Swooping through the trenches of the Death Star likely ranks high on every geek’s bucket list, but thanks to the global financial crisis, we likely won’t be seeing Dubai’s Death Star any time soon. Fortunately, the folks at NASA have rigged up a passable alternative — flying through a massive 19-mile crack across Antarctica’s Pine Island Glacier. The crack was discovered last October and measures 60 yards wide and 50 yards deep, certainly more than enough clearance to accommodate adventurous fliers. Using data gathered by NASA’s Operation IceBridge science flight team, the agency generated an animated fly through that, well, mostly flew over the crack — but we’re sure that was a defensive maneuver. After all, you just never know when a TIE fighter flown by someone’s father might sneak up from behind. See the icy flyover yourself after the break.
Similar to its pre-CES reveals, LG just couldn’t wait for Mobile World Congress to get underway on the 27th before showing off its new Optimus Vu handset. These new pics offer a much clearer look at its 4×3 aspect ratio, 1024×768 res, stylus-friendly 5-inch IPS LCD display, while the official specs confirm rumors it would pack a 1.5GHz dual core CPU, 8MP camera, LTE, 2080mAh battery and Android 2.3 in a slim 8.5mm thick frame. An upgrade to Ice Cream Sandwich is promised within three months of its launch, currently scheduled for March on Korean carriers SK Telecom and LG+. Check the gallery for a few more glamour shots of this new Galaxy Note competitor, and see if wider truly is better.
Update: You’ll find a few more official pictures in the gallery below and the English PR with details on its “QuickClip” hotkey for one-button screenshots and memos and the “Rubberdium” stylus after the break.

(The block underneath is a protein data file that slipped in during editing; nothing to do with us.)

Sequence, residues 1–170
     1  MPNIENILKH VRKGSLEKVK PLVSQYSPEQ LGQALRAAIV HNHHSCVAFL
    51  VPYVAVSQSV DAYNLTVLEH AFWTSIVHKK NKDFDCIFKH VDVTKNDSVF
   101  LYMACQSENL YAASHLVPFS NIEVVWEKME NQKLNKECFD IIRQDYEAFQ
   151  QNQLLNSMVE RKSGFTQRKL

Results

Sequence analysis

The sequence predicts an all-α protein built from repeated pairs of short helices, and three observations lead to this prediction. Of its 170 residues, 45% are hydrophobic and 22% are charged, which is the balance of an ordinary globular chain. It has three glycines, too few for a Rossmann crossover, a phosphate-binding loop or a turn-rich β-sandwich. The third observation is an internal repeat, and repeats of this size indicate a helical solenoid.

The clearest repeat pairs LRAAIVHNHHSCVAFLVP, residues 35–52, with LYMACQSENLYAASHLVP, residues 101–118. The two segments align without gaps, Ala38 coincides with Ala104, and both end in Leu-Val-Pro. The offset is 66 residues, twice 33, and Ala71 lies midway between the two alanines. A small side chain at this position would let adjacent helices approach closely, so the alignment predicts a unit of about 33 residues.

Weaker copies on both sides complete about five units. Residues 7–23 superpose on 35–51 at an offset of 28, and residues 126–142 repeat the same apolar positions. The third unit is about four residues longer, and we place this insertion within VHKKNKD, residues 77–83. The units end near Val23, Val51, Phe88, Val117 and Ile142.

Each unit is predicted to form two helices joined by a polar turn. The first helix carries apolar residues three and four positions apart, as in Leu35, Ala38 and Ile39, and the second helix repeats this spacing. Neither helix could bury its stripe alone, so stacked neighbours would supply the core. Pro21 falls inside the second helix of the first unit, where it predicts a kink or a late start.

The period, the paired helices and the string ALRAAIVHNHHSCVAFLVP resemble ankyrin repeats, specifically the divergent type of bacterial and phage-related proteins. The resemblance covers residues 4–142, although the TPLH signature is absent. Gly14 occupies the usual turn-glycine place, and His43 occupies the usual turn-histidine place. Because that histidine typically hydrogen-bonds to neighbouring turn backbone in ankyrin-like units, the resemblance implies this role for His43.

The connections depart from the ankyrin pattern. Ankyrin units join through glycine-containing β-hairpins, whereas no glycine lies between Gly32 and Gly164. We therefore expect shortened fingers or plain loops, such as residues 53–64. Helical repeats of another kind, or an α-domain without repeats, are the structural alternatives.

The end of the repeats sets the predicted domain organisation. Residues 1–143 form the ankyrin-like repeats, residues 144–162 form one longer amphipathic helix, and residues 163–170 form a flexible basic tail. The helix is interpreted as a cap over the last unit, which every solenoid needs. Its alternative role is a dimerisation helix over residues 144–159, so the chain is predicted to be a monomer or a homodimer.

Gallery: LG Optimus Vu
While we already know that Qualcomm’s Snapdragon S4 will offer a quad-core variant, incorporate LTE and use a 28nm manufacturing process, the company posted an article to its media blog ahead of Mobile World Congress showcasing the new features provided by the chipset’s Image Signal Processor. You’re likely familiar with some of the imaging functionality available in Qualcomm’s existing Snapdragon processors — technology like Scalado‘s Rewind (pictured above) which we’ve covered before. The new SoC cranks things up a notch with support for up to three cameras (two in the back for 3D plus one front-facing), 20-megapixel sensors and 1080p HD video recording at 30fps. In addition to zero shutter lag, the Snapdragon S4 includes proprietary 3A processing (autofocus, auto exposure and auto white balance) along with improved blink / smile detection, gaze estimation, range finding and image stabilization. Rounding things off are gesture detection / control, augmented reality and computer vision (via Quacomm’s FastCV). Want to know more? Check out the source link below, then hit the break for video demos of the S4′s image stabilization and gesture-based imaging chops.
We know you’ve got questions, and if you’re brave enough to ask the world for answers, here’s the outlet to do so. This week’s Ask Engadget inquiry is from Martin, who’s planning an expedition and wants something more sophisticated than a cork-board to manage it. If you’re looking to send in an inquiry of your own, drop us a line at ask [at] engadget [dawt] com.
Hi Engadget, I’m about to start planning for a big expedition. There’s plenty of forward planning required and I need some software to handle my to-do lists, notes, phone numbers, mail conversations, images, PDF-files etc. Best case scenario is something that syncs with my Macbook and iPhone but I’d also use a good offline solution if it was available. Is there a consumer-friendly app that suits my needs out there?
Project management software? Novice-friendly database? Something entirely better? If you just happen to know the one package that’ll solve Martin’s woes, do the decent thing and share it with the world.
It wasn’t all that long ago that we saw a student turn a tablet into a Braille writer, and now some researchers from Georgia Tech have done the same thing for smaller touchscreens, too. The Yellow Jackets produced a prototype app, called BrailleTouch, that has six keys to input letters using the Braille writing system and audio to confirm each letter as it’s entered. To use the app, you simply turn the phone face down, hold it in landscape mode and start typing. As you can see above, it’s currently running on an iPhone, but the researchers see it as a universal eyes-free texting app for any touchscreen. Early studies with people proficient in Braille writing show that typing on BrailleTouch is six times faster than other eyes-free texting solutions — up to 32 words per minute at 92 percent accuracy. Skeptical of such speeds? Check out the PR and video of the app in action after the break.